Three coffee heavyweights to battle it out
NO SHORTAGE OF coffee at US 41 and Wright Street.
Starbucks and Biggby’s are currently stationed about a seven iron away from each other on either side of the highway, and now we get word that Dunkin’ Donuts has decided to set up shop smack dab in the middle of its two competitors.
Dunkin’ will be moving into a new strip mall to be built where Range Bank used to stand. Opening date: mid to late 2020.
So why here at this particular spot? “Marquette was chosen because it’s a University town,” writes Amanda Regan, a media relations official with Dunkin’Donuts..
Seems a bit strange, given that NMU is located a few miles away, but okay.
Are more Dunkin’s on the way? “We are in growth mode,” Regan writes. “People want Dunkin’!”
So yes, it seems this may just be the start for Dunkin’ Donuts here. The franchise owner, known as TMart, operates one other Dunkin’ Donuts in the UP, and a total of 40 Dunkin’ restaurants in Wisconsin, northern Minnesota, and the UP.
We joke sometimes about the plethora of independent coffee shops downtown. Out on the highway, it looks like it’ll be a battle between heavyweights. Biggby’s, which is Michigan-based, operates 230 restaurants in eight states. Starbucks has more than 30,000 worldwide. And newcomer Dunkin’ has 12,000 restaurants worldwide.
Let the battle begin. May the best cup of coffee (and pastries) win.
A bigger hangar, but what about more flights?
EXPANSION AT SAWYER International Airport.
The Marquette County Board approved the first step in a major expansion of a hangar at Sawyer that will enable Envoy, which does business as American Eagle, to handle maintenance on larger planes at Sawyer.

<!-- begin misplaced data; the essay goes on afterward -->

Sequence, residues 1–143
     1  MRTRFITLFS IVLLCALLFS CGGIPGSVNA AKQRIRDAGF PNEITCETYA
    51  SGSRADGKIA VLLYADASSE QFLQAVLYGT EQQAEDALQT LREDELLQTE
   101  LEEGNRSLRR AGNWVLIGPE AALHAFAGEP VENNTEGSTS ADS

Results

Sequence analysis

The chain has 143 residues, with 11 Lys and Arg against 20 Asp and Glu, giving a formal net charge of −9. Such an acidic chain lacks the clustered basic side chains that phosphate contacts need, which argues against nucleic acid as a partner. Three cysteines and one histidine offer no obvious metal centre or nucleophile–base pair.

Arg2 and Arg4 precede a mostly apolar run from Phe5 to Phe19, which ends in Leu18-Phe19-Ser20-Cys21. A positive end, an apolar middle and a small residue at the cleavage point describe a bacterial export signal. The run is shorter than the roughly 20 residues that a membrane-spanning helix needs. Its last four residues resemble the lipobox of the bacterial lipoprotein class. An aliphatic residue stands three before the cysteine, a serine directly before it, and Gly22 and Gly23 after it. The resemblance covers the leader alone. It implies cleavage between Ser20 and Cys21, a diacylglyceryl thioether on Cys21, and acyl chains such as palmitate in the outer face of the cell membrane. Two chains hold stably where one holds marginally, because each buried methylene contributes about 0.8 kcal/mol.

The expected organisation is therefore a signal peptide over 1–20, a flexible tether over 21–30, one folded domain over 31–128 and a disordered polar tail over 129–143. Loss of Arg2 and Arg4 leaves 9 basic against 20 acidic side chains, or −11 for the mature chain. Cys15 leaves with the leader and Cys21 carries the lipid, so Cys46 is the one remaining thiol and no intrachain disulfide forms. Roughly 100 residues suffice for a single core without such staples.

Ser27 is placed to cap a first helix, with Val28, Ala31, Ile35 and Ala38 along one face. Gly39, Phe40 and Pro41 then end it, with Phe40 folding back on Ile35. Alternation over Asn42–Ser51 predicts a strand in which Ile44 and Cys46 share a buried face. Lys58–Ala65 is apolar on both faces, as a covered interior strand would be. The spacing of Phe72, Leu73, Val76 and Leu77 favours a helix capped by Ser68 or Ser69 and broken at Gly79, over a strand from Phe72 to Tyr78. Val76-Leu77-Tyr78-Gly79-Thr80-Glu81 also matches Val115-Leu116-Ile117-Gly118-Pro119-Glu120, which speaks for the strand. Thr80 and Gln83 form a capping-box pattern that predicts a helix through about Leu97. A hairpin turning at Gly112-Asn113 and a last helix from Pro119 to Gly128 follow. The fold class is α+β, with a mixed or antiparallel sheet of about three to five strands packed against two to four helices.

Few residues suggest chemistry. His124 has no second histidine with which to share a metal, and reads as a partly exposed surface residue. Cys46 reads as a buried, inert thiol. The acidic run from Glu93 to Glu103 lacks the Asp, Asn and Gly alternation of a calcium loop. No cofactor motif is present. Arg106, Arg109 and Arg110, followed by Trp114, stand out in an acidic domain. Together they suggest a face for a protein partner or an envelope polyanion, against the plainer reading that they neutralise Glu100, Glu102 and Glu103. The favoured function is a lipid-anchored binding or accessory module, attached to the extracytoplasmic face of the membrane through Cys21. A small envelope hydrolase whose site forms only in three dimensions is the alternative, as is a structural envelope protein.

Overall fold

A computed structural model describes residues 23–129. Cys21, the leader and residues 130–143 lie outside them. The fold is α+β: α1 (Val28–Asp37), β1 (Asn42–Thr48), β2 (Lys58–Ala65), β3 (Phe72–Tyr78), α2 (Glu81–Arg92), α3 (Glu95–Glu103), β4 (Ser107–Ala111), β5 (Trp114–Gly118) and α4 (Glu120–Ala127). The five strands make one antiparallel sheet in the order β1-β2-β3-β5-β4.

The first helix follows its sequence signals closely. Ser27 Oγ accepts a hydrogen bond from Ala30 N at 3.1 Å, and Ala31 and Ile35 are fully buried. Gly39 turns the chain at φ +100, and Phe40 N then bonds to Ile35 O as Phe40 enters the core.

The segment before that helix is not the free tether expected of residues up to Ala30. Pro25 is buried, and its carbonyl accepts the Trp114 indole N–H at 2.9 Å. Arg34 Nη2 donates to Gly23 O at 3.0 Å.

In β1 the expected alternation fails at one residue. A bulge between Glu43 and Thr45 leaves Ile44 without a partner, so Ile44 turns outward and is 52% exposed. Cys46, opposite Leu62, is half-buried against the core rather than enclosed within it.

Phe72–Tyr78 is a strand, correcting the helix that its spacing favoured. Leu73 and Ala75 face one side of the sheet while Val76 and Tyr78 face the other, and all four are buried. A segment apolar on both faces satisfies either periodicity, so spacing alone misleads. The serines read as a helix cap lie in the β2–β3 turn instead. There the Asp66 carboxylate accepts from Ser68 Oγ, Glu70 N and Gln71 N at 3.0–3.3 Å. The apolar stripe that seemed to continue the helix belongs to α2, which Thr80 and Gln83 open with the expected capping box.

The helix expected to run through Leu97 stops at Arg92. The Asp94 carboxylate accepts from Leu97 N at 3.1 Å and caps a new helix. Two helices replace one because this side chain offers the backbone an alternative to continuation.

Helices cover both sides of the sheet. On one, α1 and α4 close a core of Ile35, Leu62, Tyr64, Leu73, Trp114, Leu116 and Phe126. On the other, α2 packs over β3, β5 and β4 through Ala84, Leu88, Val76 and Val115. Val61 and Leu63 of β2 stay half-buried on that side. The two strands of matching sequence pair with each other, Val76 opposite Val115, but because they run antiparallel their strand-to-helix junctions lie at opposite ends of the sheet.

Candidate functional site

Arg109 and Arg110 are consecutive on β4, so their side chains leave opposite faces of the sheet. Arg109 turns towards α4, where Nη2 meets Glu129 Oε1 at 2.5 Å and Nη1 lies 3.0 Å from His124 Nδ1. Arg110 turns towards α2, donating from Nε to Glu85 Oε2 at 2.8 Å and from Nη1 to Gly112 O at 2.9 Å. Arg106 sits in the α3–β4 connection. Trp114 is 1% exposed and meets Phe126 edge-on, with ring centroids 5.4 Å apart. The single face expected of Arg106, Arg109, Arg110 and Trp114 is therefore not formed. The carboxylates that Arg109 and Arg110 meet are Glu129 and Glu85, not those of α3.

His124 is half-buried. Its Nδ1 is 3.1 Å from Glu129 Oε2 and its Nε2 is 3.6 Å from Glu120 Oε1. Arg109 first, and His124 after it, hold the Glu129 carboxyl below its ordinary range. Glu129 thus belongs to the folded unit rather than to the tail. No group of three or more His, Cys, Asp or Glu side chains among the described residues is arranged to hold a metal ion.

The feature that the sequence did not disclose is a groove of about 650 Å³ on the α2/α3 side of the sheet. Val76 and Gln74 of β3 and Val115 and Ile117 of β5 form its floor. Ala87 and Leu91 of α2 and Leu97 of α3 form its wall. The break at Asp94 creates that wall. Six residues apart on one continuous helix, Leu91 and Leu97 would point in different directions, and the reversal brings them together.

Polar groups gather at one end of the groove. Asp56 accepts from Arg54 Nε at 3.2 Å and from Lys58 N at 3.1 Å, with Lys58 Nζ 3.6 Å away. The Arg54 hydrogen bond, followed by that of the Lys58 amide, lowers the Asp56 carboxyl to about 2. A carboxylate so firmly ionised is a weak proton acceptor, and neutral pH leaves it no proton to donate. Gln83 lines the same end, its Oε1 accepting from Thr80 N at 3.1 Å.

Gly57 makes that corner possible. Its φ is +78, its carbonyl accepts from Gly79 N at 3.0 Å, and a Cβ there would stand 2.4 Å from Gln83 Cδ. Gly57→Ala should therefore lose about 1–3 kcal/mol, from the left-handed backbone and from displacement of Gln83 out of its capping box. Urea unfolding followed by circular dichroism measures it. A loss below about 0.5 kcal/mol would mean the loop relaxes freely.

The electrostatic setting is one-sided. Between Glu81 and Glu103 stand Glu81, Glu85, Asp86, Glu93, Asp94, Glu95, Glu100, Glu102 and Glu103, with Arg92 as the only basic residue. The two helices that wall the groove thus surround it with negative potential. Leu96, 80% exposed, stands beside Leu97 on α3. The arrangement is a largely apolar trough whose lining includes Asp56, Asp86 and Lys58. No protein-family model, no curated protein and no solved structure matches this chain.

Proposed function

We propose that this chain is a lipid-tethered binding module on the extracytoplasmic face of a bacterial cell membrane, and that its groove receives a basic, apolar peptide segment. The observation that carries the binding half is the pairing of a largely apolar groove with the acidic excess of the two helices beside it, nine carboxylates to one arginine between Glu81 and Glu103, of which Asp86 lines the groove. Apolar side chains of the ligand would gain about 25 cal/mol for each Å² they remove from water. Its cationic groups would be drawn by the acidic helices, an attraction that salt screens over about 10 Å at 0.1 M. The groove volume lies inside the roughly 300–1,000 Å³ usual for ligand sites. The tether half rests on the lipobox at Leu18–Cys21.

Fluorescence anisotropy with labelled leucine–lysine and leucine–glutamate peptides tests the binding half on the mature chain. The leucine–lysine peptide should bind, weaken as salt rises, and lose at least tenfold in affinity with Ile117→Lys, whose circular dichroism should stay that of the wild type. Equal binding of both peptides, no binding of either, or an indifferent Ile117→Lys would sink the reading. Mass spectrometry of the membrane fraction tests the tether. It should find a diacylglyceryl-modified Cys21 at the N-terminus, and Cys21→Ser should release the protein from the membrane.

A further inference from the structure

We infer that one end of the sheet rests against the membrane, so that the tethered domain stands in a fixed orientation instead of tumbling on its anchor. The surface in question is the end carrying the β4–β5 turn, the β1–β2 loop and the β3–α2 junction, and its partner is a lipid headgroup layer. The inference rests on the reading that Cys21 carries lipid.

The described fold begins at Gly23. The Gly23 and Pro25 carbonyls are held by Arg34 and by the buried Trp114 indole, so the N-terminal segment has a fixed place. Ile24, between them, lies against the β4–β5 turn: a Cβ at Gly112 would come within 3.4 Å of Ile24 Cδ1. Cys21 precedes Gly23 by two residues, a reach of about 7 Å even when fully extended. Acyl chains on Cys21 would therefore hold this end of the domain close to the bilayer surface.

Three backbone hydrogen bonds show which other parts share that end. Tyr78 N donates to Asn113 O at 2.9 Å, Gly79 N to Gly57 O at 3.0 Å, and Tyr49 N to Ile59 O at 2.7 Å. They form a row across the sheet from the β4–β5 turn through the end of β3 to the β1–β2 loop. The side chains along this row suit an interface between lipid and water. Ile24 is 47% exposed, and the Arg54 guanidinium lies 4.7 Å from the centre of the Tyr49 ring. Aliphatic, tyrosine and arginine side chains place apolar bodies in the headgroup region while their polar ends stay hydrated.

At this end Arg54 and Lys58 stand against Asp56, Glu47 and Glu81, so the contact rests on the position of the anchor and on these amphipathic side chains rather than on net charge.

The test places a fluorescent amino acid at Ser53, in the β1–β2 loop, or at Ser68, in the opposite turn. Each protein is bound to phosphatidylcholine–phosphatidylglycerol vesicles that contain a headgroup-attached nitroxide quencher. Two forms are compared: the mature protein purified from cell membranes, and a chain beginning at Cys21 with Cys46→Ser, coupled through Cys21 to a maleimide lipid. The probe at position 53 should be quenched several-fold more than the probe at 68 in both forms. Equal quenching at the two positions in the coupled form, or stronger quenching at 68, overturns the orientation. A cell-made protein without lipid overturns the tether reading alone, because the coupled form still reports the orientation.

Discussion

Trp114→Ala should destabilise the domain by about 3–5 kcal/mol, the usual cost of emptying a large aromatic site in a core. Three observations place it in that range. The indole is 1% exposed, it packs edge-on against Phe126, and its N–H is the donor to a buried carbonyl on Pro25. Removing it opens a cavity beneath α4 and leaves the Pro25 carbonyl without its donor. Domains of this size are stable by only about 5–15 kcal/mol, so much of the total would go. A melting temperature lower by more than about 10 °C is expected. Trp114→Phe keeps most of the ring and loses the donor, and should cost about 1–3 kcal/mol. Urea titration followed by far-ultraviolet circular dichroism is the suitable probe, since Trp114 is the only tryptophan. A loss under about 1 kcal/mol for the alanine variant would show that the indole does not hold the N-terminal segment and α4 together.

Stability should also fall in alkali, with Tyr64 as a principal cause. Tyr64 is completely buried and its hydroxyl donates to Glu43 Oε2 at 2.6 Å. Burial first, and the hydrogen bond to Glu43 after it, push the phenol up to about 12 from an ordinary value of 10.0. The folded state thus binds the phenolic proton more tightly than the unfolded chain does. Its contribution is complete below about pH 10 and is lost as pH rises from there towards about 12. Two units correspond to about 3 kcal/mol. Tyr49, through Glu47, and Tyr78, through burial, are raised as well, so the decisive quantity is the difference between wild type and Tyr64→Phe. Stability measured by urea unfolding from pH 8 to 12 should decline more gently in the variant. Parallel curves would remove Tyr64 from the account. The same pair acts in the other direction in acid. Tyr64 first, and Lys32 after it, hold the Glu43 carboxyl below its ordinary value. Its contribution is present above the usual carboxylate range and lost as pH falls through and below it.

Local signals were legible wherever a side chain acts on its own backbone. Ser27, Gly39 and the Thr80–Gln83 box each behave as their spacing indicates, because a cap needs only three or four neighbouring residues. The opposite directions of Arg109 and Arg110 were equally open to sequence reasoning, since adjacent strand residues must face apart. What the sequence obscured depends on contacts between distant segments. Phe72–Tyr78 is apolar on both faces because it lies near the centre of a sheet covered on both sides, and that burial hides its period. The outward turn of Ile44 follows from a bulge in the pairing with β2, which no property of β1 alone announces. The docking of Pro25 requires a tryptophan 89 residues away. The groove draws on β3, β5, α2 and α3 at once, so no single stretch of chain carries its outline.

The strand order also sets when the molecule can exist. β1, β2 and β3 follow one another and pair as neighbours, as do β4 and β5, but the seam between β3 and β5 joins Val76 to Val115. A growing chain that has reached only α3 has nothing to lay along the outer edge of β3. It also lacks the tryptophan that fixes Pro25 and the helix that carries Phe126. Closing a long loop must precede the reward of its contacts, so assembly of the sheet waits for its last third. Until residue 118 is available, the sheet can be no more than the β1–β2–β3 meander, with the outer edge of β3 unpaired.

“If we don’t expand there, there’s the potential that Envoy would no longer operate out of Sawyer,” says Duane Duray, the airport manager. That’s a big deal–Envoy has more than 200 employees here.
$1.2 million for the design and engineering phase of the project, $13 million overall. It should be ready for operation in three years.
So…expansion with the hangar. What about more flights? Currently, there are four (Delta and American, combined) while in summer there are five. Passengers here would like more.
Duray says that’s always a priority at Sawyer. Passenger numbers continue to increase–up about 2% this year–and flights are at more than 80% capacity, but adding another flight or two is ultimately up to the airlines.
Tourism still on the rise
TOURISM IN MARQUETTE continues to trend upward, at a slow and steady pace.
May was down 8%, according to Travel Marquette, but June increased 4%, July was up almost 8%, while August was down about 2%.
Year to date, tourism dollars have increased 3.5%.
The increase might have been greater, but Susan Estler, the director of Travel Marquette, notes that last year’s numbers were likely bolstered by the army of construction workers who temporarily settled in Marquette for several construction projects, including the hospital.
Now, of course, many of those workers have gone home.
“Two of the toughest winter events in the nation”
WINTER, OF COURSE, is generally a slow time for tourism in Marquette County, but Matador Network offers an endorsement for a visit here in January.
Matador, based in San Francisco, is a digital site that focuses on travel, adventure, food, nightlife, and culture.
Quoting: “What, the shores of Lake Superior weren’t at the top of your travel to-do list? Well, if you’re a hard core skier, they should be, as Marquette offers two of the toughest winter ski events in the nation…”
Specifically, they mention the Suicide Hill Ski Tournament and the Noque Ski Marathon, both in January. They could also have suggested a stayover in February for the UP 200.
In any case, winter’s here, kind of. Marquette Mountain’s opening today (Friday). Let’s hope our sometimes unpredictable weather doesn’t betray our skiers and snowboarders over the next few weeks.